Any of you who have seen the movie Borat will have already been exposed to Fanfare Ciocarlia as they were the band covering "Born To Be Wild". While the novelty of listening to that played on brass instruments made it fun to listen to, you'll soon realize how much more there is to this band than this tune. First of all, while it might have seemed like they were playing fast and furious on that rendition, judging by what you hear on this disc the reality is they were only playing at about half their potential speed. Unlike other bands who play flat out, the thing you quickly understand about Fanfare Ciocarlia is they aren't rushing. No matter what speed they play at each note is distinct and clearly defined so that we feel and hear even the smallest nuances. Unlike their Serbian counterparts whose main weapon is the trumpet, Fanfare are led into battle by their woodwinds, clarinet primarily, which gives them a much more distinctly Eastern European sound. You can easily believe how at one time Romany musicians joined forces with Jewish Klezmer bands when you hear the almost plaintive sound of the clarinet dart like a small bird through the thunder of the brass rhythm section.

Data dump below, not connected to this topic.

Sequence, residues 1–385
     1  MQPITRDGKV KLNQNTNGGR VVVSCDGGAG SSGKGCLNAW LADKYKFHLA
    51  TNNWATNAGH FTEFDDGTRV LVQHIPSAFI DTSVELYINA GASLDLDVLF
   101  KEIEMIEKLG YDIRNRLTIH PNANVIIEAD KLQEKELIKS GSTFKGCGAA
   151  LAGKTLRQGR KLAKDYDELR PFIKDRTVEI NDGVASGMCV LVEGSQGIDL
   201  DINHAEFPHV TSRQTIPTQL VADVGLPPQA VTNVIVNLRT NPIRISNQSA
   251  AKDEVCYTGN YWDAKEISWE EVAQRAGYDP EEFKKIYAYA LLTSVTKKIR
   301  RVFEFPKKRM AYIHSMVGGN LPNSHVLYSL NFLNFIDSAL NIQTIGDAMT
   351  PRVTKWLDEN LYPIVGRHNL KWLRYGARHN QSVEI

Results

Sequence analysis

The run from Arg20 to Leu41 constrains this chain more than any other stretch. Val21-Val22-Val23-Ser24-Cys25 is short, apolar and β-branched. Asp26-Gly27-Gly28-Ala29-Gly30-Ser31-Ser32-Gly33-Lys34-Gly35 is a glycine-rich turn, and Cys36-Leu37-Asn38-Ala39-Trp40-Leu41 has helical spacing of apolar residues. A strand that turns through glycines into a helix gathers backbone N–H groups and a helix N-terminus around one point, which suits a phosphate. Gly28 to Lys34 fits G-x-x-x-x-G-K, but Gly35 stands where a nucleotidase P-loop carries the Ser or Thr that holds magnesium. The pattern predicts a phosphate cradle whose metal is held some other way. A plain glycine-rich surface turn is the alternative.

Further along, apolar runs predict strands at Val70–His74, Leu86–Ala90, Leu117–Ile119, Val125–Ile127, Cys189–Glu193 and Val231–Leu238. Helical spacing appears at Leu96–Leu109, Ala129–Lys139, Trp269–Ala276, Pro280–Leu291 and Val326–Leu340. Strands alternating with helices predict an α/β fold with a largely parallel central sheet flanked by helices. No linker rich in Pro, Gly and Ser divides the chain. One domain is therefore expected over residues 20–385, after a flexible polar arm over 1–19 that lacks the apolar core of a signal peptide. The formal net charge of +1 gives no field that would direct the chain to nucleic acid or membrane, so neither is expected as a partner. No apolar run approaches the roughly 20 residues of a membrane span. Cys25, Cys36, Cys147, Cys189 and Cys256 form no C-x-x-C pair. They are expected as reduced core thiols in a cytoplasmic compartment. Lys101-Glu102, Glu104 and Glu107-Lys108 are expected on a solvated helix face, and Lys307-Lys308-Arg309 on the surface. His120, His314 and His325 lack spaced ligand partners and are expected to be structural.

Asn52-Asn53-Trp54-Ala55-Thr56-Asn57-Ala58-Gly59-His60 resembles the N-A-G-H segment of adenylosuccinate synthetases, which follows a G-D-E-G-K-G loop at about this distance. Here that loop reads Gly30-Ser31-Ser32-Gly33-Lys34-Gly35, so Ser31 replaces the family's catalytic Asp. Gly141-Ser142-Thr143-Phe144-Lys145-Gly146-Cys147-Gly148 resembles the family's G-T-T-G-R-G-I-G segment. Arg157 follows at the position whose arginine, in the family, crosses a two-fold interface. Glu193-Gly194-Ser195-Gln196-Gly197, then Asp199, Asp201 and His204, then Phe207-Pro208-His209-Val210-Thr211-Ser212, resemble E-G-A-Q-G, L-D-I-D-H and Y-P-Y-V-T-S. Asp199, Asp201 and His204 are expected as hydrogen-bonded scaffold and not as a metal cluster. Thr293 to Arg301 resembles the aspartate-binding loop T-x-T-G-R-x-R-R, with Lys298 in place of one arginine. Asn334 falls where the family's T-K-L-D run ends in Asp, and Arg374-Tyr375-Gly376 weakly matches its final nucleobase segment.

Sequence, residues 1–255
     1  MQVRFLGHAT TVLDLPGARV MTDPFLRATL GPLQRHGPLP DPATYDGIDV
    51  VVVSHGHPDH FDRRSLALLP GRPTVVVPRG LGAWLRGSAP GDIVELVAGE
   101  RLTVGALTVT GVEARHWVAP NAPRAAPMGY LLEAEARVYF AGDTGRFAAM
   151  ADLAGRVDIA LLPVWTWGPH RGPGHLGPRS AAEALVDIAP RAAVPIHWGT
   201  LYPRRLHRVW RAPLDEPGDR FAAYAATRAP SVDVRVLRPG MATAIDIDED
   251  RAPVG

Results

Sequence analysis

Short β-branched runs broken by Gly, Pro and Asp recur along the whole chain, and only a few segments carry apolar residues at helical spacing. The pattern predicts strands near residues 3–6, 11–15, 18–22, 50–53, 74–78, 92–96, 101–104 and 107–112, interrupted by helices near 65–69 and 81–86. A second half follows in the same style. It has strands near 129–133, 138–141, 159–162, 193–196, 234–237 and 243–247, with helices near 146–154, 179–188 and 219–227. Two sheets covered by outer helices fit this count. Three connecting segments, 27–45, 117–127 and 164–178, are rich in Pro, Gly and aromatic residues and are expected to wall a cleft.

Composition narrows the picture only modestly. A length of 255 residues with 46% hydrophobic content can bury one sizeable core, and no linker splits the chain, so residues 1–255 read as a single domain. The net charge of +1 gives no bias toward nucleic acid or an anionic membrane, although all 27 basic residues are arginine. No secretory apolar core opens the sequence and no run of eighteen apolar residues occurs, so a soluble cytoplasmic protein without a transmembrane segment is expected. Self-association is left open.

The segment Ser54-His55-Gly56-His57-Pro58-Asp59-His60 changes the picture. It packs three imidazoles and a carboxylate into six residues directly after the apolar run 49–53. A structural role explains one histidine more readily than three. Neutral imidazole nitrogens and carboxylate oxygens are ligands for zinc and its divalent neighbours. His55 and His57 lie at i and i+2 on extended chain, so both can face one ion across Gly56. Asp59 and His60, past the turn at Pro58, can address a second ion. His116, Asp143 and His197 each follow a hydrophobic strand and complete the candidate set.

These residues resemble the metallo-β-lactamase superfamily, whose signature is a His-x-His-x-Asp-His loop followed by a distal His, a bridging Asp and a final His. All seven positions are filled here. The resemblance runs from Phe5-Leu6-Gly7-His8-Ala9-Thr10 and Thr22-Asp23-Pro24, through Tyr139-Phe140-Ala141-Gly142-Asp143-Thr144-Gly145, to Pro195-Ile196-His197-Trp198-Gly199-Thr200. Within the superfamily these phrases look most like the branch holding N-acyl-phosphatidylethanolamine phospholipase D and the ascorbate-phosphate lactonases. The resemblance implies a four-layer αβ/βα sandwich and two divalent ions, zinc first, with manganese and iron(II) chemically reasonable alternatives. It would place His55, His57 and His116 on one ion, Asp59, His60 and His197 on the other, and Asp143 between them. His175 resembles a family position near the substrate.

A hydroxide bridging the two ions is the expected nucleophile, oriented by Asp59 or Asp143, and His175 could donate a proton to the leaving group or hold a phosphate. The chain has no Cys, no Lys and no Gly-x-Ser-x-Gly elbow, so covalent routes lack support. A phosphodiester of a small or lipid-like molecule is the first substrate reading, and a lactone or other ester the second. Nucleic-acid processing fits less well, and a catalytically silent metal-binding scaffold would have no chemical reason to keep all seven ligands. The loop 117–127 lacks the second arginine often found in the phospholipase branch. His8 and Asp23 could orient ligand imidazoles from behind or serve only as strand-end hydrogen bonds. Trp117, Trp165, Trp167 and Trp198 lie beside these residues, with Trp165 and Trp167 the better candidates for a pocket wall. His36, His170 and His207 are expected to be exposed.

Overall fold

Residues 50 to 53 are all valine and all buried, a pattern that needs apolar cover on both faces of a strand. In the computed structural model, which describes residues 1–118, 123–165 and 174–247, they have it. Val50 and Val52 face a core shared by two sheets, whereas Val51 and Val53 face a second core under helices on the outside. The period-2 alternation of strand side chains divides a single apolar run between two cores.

While individually each band is a force to be reckoned with, on the four songs where they combine forces you have to wonder how the studio walls stayed standing under the onslaught. It's not just because of the volume of sound they produce, but because of the intensity of their music. In fact its hard to believe that the CD you're listening to has managed to capture all that was created during the recording sessions. Listen to the sound of the band member's voices in between and before the tracks and the joy and excitement they express just from being involved in the process. You'll quickly become aware of the limitations of even our most sophisticated technology. There's no way in hell it could have captured what all those voices represent during the recording of the music. We are able to hear the music and a good deal of the passion that has gone into its creation, but we can't see the smiles on the musicians faces, the laughter in their hearts or the pride in their souls.